The lease rent plays a major and a significant role in making the investment worthwhile, and thus the sustainability of the venture. Hence, bidding procedures need to be de-linked to the rent component in order to make new resort developments a success. The policies adopted in 2004-2006, especially in the case of the ‘open-rent’ category of islands, has done nothing but inflated the lease rents above the true market value. As a result, new investors are struggling to obtain the necessary finance.
If these islands were awarded with industry average lease rents, the probability of getting those islands opened would have increased, and with it the government revenue through bed tax.
Sustainable tourism development is much more important than trying to squeeze short-term gains through high lease rent payments. Sustainable it can be made only through allowing true market values to be reflected in the lease rents.

Thursday, January 15, 2009

"Will increasing the incomes of all increase the happines of all?"

Few years back a group of economists conducted a study in which they compared the happiness levels of societies across the world. One of the questions they raised was “will increasing the income of all increase the happiness of all?” When we think about it, most of the time we relate people’s financial well-being with happiness. If this is true, the happiest people in the world would be the wealthy population.

Addressing this issue at a micro level, you may expect your happiness level to increase a little bit, if there is a bit increase in your monthly income. With the rise in income, probably you would be able to afford more leisure, fancy goods, or a nice home. Will any additional rise in income increase your level of happiness? According to those economists, happiness often depends on relative income as well. If your income doubles, and at the same time, incomes of your neighbor and friends triples, then it may not increase your happiness level. If your income doubles, while incomes of all the others remain the same, then will you feel happier? Depending on the answers that we give these questions, it may be true that increasing the income of all may not increase the happiness of all.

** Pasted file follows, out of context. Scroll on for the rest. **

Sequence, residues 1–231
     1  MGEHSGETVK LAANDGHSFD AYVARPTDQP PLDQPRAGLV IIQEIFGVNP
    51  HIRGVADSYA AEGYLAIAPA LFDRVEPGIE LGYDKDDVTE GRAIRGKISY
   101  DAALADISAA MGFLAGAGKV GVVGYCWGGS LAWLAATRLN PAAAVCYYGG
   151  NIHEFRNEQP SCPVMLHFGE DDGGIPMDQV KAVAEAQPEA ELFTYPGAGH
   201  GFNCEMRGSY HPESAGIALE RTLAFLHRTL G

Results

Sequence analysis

We may bring political reform with it provide us many civil liberties. We need economic reforms, with it should provide a livelihood. We also need social reforms, so that we can achieve the kind of ‘happiness’ that I’m talking about.

We may establish a society based on good democratic principles and even progress economically. However, economic progress not necessarily means improvement in living standard. With a rise in income level, there must be mental happiness, and the emotional well-being of the people in the country. Economic development if achieved at the expense of a wealthy society with high suicide rates, increased crimes, and broken families, then increasing the incomes alone may not the improve the happiness of all.

Thursday, January 8, 2009

Discussion with Economists: youth, employment & wave motorcycles

I thought of sharing the views and ideas expressed in our various discussions as it might help many others and trigger the thought process, and lead to useful recommendations for development policies.

Majority of the youth aged between 18-35 at present fall under a unique category when we compare it to many other countries in the world. In most other countries, when a young person graduates from college and enter the job market, have many aspirations like owning a house, a car, or a good pension (retirement plan). In Maldives (particularly, in Male’) : a ‘wave’ motorcycle, or probably a small 12 x 10 bedroom. There’s no motivation or a driving force for most of the youth to get a good job and work hard to earn a good living. Earn all that money for what? We can’t own a decent house and have a quality life. The most we can fulfill is to own a motorcycle and ride for 30 minutes every night. Some of the tsunami victims who live in temporary camps, when given a little money chose to own a ‘Lifan’ motorcycle, that happens to be parked outside the ‘tent’. Bank of Maldives availed Rf15,000 soft loans out of the proceeds of international aid after tsunami. Most of these loans were being used to purchase motorcycles on installment.

The bottom line is, we need to induce a motivation within the youth, so that they have at least something to work for. When there’s no important goal in life, when hard work and earned income doesn’t provide them an incentive to lead a better life, we may not be able to solve the youth employment problem. We may not be able to reduce the expatriate labor force.

Wednesday, January 7, 2009

Discussion with fellow Economists -political economy